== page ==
The Chinese leader Mao Zedong, who cited Marxism as the model for his country, described “the ruthless economic exploitation and political oppression of the peasants by the landlord class” (Cotterell 2011, chap. 6). Expressing similar concerns, current American senators Bernie Sanders and Elizabeth Warren have stated that “large corporations . . . exploit human misery and insecurity, and turn them into huge profits” and “giant corporations . . . exploit workers just to boost their own profits.”
The French economist Thomas Piketty, whose 2014 book Capital in the 21st Century recalls Marx’s Das Kapital, asserts that inequality today is “terrifying” and that public policy can and must reduce it; wealth holders must be heavily taxed.
The socialist narrative names the oppressors of the vulnerable, such as the bourgeoisie (Marx), kulaks (Lenin), landlords (Mao), and giant corporations (Sanders and Warren).8 Piketty (2014) concludes that the Soviet approach and other attempts to “abolish private ownership” should at least be admired for being “more logically consistent.”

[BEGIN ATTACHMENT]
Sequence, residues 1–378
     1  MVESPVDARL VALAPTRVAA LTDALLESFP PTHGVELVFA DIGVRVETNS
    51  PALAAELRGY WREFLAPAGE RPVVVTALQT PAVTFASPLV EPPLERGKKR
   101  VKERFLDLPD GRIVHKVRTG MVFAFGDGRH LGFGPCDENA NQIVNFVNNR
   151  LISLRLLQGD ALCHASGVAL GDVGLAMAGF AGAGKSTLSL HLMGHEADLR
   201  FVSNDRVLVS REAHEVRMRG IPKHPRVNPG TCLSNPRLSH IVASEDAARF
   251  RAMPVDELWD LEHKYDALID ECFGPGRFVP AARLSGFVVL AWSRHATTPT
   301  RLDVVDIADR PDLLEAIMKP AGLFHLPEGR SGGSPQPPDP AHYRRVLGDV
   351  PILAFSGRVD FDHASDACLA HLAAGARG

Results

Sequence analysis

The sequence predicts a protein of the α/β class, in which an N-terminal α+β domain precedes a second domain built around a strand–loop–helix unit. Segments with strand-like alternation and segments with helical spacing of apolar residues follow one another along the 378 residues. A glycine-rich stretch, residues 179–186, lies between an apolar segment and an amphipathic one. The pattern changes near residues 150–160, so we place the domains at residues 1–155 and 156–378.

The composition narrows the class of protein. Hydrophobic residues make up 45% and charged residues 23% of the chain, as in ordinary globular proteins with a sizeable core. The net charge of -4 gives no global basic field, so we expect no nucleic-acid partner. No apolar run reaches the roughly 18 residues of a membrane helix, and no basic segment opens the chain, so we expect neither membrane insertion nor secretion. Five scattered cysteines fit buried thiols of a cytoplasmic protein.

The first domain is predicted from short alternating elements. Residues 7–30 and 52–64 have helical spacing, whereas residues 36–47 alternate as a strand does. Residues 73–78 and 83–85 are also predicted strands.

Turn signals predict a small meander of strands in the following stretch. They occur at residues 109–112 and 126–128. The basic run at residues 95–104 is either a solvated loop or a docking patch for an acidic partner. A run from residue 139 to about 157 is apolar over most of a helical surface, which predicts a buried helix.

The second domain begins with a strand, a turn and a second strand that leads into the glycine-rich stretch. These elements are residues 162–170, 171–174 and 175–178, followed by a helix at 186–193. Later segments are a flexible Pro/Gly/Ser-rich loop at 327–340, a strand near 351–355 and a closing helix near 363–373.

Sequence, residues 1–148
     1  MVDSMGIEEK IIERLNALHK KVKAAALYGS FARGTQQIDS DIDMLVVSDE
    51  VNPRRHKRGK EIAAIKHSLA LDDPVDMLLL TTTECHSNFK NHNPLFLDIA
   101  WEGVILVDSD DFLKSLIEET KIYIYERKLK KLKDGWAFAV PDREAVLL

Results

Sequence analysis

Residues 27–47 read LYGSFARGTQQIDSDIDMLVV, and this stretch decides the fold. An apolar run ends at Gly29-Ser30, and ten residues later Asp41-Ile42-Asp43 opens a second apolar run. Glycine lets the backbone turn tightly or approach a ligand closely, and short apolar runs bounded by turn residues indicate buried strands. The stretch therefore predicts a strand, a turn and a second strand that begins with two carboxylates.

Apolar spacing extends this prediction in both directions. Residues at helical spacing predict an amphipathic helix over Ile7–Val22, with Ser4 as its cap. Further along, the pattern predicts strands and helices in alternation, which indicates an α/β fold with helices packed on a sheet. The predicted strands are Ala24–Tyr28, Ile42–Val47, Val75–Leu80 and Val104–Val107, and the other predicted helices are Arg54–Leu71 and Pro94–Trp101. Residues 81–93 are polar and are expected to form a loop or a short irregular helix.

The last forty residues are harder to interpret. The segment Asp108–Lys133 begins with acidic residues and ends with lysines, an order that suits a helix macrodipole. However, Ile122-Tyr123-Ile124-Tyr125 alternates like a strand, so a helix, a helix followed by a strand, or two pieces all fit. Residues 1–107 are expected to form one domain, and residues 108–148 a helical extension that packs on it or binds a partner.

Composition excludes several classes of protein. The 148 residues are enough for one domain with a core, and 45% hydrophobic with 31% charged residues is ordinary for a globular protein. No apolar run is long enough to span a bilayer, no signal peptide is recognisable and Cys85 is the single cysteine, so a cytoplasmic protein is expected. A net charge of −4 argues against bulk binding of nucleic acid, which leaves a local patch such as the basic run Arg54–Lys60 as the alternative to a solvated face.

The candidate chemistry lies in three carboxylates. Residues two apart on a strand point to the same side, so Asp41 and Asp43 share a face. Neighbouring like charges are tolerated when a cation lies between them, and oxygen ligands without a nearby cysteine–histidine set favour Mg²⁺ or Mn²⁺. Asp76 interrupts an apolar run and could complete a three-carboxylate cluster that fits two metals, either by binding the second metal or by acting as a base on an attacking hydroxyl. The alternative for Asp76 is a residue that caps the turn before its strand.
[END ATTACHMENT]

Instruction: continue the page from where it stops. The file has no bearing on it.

Historical and contemporary socialists argue that heavy taxation need not reduce national output because a public enterprise uses its efficiency and bargaining power to achieve better outcomes. Mao touted the “superiority of large cooperatives.” He decreed that the Chinese government would be the single payer for grain, prohibiting farmers from selling their grain to any other person or business (Dikӧtter 2010).